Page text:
Place your egg whites in a deep bowl and beat using an electric mixer on a high setting
Beat for approximately 3 minutes or until you have stiff peaks (watch you don’t go too far – you’ll end up with a watery froth)
Beat in the caster sugar a tablespoon at a time until the mixture turns glossy
Stir in the freeze-dried raspberries and the raspberry juice gently with a metal spoon. Don’t over mix – you want a swirled effect.
Pipe the mixture onto your traced outline starting at the outside and spiralling in until you reach the middle.  Pipe an extra two layers of mixture on top of the outer circle.
Place in the oven and bake for 1½ hours.  The low heat means that you’re really just drying out the meringue, rather than cooking it through.
Remove from oven and carefully transfer to a wire rack to cool.
Filling the shell
While your shell is cooling, melt the white chocolate over a Bain Marie (reserving a couple of chunks to grate over the top of your pavlova as a finishing touch)
Using a pastry brush, paint the inside of your shell with white chocolate.  Left to set this not only tastes nice but will form a wall between the cream and the meringue which will stop the shell going soggy (and provides a little extra support if things are looking fragile!)
Fill the shell with clotted cream, tip the raspberries on the top and sprinkle over the grated white chocolate.  Consume and die of sugar.

I really need to persuade Ben and David to write more frequently about BBQ beef ribs, the perfect mole sauce and other delicious umami things like that.  Any munchmun.ch reader would think we’re trying to give them diabetes.  Oh well, here is a pavlova recipe I’ve been working on over the last couple of weeks.  Only give this a go if you’re on friendly terms with your dentist!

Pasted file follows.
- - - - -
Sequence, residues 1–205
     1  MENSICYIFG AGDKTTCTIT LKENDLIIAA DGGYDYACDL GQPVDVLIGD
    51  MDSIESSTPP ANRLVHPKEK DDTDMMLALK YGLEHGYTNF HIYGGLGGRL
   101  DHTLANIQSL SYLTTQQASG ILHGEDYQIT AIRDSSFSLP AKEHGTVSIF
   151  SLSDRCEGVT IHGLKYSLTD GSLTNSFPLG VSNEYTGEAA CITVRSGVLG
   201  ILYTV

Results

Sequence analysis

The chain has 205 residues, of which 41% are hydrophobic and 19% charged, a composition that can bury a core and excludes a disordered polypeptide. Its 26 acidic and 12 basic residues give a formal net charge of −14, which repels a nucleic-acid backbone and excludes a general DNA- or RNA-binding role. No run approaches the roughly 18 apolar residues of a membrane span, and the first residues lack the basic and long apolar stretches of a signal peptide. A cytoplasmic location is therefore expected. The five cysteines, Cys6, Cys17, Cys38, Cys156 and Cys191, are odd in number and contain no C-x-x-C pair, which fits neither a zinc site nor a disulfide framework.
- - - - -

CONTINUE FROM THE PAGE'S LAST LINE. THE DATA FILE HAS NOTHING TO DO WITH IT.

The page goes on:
Pavlova

Ingredients

  • 250g fresh raspberries
  • The whites of 4 medium eggs (ones approaching their use by date are ideal for meringue)
  • 220g caster sugar
  • 2 tbsp freeze-dried raspberries
  • 100g white chocolate
  • 1 pot of clotted cream

Instructions

Making the shell

  • Trace the online of a plate onto greaseproof paper and place on a flat baking tray
  • Pre-heat the oven to 110oC
  • Take 50g of the raspberries and push them through a sieve using a wooden spoon, reserving the juice
  • Place your egg whites in a deep bowl and beat using an electric mixer on a high setting
  • Beat for approximately 3 minutes or until you have stiff peaks (watch you don’t go too far – you’ll end up with a watery froth)
  • Beat in the caster sugar a tablespoon at a time until the mixture turns glossy
  • Stir in the freeze-dried raspberries and the raspberry juice gently with a metal spoon. Don’t over mix – you want a swirled effect
  • Pipe the mixture onto your traced outline starting at the outside and spiralling in until you reach the middle.  Pipe an extra two layers of mixture on top of the outer circle
  • Place in the oven and bake for 1½ hours.  The low heat means that you’re really just drying out the meringue, rather than cooking it through
  • Remove from oven and carefully transfer to a wire rack to cool

Filling the shell

  • While your shell is cooling, melt the white chocolate over a Bain Marie (reserving a couple of chunks to grate over the top of your pavlova as a finishing touch)
  • Using a pastry brush, paint the inside of your shell with white chocolate.  Left to set this not only tastes nice but will form a wall between the cream and the meringue which will stop the shell going soggy (and provides a little extra support if things are looking fragile!)
  • Fill the shell with clotted cream, tip the raspberries on the top and sprinkle over the grated white chocolate.
  • Consume and die of sugar.

Custard Cream Biscuits

Custard Cream Biscuits
I can’t remember why I decided to try and make a batch of custard creams.  I think I caught sight of the lovely Hope & Greenwood confectionary cookbook on my Amazon recommendations (I haven’t bought it yet if you’d like to send a copy my way) and was overwhelmed with nostalgia for ten-penny mix-ups, blue panda pops and ‘special occasion’ biscuits presented on a saucer by my nan.  (http://www.amazon.co.uk/Life-Sweet-Collection-Old-Fashioned-Confectionery/dp/0091932661/ref=sr_1_1?s=books&ie=UTF8&qid=1319131584&sr=1-1)